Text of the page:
Suspicions of criminal activity along the beachfront… Filmed between St Kilda and Port Melbourne, Victoria. Sounds were recorded beside the Yarra River, on trams between the City and Middle Park, and along the beachfront itself. A version of “Bayside Reporter” was published in Australian Poetry Members Anthology 3, Digital Edition, 2014. Here is the link.

In the Forest by Candida Baker

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I love the abstract imagery in this videopoem by Marie Craven. It’s partly the work of the poet herself, according to Craven’s process notes in a recent blog post, “Mid-year videos 2016“:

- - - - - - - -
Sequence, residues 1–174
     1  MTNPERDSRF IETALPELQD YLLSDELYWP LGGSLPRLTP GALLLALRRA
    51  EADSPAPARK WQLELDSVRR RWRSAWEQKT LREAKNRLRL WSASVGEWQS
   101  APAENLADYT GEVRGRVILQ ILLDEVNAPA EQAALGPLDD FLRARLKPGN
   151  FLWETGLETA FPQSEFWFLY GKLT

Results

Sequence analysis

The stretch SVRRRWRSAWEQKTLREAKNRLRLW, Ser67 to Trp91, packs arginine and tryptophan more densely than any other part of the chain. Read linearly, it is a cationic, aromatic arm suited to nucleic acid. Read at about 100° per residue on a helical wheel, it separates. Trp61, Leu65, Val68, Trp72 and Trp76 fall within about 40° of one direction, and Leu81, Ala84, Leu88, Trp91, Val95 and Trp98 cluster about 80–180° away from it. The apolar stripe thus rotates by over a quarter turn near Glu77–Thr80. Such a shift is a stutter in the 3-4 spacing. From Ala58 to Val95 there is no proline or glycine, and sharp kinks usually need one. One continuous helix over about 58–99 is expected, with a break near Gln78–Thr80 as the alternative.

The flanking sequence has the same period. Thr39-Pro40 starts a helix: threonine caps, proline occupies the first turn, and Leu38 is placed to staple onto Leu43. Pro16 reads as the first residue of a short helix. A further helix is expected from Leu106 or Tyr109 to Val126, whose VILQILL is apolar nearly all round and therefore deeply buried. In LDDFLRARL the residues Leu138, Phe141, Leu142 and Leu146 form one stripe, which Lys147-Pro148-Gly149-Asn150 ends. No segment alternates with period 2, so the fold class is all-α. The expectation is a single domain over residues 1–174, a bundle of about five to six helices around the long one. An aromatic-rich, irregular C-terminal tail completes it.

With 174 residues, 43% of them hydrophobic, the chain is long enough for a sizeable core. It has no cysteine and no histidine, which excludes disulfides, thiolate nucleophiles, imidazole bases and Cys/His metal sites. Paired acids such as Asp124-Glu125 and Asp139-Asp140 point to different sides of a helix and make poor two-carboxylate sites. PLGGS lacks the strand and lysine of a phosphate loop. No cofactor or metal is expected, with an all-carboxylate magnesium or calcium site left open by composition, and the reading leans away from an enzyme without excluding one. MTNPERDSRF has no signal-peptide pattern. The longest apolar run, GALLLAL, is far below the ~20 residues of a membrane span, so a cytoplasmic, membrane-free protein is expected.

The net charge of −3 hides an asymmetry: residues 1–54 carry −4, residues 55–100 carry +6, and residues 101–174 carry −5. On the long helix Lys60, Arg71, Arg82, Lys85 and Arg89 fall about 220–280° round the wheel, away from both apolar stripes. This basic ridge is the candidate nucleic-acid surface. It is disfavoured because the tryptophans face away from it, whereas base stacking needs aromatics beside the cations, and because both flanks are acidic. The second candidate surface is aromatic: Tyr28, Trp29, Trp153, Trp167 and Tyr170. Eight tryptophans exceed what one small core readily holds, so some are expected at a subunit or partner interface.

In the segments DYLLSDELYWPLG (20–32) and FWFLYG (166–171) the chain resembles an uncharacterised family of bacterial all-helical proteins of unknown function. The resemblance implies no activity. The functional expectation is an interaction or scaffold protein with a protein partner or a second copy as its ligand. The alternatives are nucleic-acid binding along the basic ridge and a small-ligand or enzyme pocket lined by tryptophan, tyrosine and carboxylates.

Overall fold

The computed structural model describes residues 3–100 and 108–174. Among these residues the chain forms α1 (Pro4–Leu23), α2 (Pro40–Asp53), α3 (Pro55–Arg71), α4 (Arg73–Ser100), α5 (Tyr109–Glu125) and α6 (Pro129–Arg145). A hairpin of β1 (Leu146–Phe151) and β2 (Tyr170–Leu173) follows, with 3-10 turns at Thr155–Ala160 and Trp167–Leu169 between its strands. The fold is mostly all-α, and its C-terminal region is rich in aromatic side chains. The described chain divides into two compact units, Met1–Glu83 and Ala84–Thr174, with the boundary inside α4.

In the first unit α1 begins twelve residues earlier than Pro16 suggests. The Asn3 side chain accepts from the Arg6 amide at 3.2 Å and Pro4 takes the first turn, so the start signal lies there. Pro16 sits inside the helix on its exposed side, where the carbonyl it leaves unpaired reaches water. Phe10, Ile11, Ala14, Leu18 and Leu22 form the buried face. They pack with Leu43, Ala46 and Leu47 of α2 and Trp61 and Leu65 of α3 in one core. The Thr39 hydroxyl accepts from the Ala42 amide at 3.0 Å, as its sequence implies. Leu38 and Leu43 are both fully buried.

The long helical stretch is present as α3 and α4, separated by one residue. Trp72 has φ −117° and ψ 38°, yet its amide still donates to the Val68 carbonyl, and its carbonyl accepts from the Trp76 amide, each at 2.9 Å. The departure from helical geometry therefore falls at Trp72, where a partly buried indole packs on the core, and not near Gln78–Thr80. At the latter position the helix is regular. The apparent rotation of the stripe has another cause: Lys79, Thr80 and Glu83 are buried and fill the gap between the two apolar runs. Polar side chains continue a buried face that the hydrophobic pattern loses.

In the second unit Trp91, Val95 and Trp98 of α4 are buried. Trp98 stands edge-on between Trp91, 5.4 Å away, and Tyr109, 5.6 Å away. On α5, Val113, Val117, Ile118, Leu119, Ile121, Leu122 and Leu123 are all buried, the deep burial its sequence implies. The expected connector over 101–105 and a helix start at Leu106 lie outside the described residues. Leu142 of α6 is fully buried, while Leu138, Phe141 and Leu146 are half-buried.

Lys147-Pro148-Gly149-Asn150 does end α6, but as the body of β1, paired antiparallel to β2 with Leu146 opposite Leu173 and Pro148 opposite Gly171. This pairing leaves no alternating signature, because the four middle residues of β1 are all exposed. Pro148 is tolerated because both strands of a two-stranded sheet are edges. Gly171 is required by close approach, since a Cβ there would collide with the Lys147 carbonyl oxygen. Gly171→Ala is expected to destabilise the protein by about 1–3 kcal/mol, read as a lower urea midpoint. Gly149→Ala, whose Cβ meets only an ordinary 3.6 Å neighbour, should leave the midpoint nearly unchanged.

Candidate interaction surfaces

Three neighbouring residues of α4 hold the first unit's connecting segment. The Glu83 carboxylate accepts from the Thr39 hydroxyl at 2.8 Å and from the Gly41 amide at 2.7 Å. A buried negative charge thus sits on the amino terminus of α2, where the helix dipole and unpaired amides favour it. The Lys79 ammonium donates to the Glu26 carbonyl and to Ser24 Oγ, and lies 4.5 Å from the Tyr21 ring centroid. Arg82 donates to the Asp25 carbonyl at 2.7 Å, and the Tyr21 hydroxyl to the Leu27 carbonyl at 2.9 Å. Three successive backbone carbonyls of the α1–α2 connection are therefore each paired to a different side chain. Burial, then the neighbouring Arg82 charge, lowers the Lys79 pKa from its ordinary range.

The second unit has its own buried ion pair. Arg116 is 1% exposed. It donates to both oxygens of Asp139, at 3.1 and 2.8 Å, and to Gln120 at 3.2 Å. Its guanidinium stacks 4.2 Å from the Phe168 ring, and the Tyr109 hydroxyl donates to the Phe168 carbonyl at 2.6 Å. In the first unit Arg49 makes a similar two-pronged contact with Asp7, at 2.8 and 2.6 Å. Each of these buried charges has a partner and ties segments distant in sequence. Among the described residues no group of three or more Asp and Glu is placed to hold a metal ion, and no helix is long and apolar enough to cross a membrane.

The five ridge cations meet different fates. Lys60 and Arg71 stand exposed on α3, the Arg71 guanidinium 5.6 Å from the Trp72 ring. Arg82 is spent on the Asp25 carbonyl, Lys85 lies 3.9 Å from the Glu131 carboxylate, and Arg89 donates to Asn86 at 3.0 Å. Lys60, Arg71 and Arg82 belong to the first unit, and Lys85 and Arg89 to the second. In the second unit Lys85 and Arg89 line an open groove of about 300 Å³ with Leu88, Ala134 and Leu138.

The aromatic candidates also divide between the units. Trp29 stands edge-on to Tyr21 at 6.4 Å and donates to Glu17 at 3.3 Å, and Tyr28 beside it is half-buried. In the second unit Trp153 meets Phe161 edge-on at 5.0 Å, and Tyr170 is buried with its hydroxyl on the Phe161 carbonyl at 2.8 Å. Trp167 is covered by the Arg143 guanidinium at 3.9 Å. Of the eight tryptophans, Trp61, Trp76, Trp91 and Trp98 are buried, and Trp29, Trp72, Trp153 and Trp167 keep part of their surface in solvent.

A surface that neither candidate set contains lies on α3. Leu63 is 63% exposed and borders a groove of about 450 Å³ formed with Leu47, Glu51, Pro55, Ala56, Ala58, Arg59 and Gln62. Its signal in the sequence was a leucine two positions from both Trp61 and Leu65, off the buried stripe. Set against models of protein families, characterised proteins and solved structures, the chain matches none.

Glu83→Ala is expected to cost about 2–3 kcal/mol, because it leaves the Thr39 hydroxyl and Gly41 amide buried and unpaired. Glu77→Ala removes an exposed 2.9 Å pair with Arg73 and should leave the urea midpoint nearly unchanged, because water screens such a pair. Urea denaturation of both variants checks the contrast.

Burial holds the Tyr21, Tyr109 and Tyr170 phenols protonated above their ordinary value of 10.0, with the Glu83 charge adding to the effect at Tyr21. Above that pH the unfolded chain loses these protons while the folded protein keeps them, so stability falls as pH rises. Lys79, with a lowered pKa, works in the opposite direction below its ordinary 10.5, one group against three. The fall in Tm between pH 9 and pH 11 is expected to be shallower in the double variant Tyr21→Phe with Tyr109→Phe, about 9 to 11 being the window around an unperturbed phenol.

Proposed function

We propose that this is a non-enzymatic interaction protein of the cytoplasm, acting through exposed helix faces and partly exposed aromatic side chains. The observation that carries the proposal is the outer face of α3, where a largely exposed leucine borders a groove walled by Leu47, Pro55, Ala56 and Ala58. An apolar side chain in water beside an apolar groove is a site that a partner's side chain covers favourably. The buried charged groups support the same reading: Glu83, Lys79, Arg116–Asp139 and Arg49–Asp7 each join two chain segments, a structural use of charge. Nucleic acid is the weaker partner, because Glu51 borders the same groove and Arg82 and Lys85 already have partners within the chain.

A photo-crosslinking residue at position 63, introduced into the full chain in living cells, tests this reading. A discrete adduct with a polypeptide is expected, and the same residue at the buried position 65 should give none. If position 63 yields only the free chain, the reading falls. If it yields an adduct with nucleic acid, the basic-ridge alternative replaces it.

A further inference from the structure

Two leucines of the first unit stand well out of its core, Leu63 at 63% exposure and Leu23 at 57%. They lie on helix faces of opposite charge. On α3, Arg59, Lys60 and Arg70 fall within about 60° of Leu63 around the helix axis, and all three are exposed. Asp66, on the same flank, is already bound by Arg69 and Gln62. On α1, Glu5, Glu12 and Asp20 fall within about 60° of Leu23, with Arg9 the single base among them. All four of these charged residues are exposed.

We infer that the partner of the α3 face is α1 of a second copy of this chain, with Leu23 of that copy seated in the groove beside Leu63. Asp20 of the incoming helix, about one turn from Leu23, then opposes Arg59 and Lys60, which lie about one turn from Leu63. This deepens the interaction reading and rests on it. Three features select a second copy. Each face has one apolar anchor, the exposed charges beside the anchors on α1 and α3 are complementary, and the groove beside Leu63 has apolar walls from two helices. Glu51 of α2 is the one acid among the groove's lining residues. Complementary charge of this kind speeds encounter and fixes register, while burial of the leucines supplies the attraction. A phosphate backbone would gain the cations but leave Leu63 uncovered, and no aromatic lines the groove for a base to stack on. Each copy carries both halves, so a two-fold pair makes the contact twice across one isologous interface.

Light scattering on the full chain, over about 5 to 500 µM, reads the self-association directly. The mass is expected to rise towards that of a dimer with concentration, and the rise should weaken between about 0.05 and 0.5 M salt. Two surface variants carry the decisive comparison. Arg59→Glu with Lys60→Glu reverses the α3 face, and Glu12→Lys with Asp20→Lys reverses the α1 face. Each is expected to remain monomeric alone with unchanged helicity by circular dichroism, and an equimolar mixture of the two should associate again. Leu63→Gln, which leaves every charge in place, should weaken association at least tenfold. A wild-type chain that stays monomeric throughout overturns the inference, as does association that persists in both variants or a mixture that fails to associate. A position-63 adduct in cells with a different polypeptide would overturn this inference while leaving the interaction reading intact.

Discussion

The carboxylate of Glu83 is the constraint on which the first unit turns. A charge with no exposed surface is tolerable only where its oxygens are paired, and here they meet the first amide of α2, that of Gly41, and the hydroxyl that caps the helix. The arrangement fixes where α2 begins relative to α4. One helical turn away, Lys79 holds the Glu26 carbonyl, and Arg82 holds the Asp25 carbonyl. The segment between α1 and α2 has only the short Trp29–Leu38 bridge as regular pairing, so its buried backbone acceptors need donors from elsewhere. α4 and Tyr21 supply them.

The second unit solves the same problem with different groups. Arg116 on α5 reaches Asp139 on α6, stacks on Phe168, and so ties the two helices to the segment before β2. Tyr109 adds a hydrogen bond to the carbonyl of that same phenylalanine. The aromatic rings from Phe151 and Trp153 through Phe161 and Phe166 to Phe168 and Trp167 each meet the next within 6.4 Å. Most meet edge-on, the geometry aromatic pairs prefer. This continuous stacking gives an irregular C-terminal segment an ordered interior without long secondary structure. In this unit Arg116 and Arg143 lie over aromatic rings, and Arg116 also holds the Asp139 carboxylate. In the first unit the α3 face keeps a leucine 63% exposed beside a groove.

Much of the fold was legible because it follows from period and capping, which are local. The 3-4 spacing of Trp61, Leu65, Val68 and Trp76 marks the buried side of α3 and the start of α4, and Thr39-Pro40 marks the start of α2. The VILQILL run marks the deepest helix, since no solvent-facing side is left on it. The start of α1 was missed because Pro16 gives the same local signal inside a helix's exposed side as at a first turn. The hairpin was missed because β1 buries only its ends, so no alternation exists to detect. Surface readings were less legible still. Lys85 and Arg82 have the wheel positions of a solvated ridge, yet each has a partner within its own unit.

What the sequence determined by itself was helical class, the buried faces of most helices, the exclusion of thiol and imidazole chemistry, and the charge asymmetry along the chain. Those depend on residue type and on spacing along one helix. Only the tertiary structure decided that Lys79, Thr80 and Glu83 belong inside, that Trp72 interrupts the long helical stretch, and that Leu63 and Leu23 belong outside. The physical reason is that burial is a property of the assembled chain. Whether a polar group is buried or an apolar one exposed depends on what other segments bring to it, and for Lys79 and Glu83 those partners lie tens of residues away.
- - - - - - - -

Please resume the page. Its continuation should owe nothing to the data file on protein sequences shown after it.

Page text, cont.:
Much closer to home, I was delighted when well-known Byron Bay writer, Candida Baker, contacted me recently with some lovely poems she thought might be of interest. She already had high quality voice recordings of her own readings, produced by Sunshine Coast musician and sound artist, Michael Whiticker, and some abstracted landscape photographs to work with as well. An attempt at creating a video poem was irresistible to me. This video, ‘In The Forest’, is the result. It is, again, a visually abstract piece. The effect of motion from still images was achieved by creating three layers, one static and two slowly zooming in opposing directions, and also by creating multi-layer dissolves between the images. I was struck by the beautiful colours of the Australian landscape that were captured in the original stills and was pleased for their colours and textures to become even more abstractly focused in the video images. The music is by Podington Bear, whose wonderful sounds I have included in videos before. These I’ve sourced from the many musical tracks available around the internet on Creative Commons license. The bird sounds are from Tai Inoue at Nature Sounds Australia in Cairns, from a download link he shared at Soundcloud with permission to re-use. The email collaboration with Candida Baker was very engaged and a joy from start to end. She and I will be meeting in person for the first time this week, when she interviews me for the online magazine she edits and publishes, Verandah. It’s rare that I have the opportunity to meet internet collaborators and I’m very much looking forward to this. The profile will appear in an issue of the magazine in the near future.